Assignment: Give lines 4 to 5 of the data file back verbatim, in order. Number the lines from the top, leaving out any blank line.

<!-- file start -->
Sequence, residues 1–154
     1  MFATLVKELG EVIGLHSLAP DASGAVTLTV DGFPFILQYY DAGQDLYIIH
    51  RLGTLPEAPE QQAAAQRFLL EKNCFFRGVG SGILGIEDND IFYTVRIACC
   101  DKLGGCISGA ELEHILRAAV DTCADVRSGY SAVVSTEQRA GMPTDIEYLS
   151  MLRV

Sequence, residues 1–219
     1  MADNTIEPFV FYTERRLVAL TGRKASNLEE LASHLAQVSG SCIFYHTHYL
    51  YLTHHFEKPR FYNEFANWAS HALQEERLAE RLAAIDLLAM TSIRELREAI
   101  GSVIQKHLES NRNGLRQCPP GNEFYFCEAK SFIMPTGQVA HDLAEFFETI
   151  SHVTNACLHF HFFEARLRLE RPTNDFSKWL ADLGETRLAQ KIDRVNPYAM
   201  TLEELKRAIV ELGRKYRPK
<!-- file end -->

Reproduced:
   101  DKLGGCISGA ELEHILRAAV DTCADVRSGY SAVVSTEQRA GMPTDIEYLS
   151  MLRV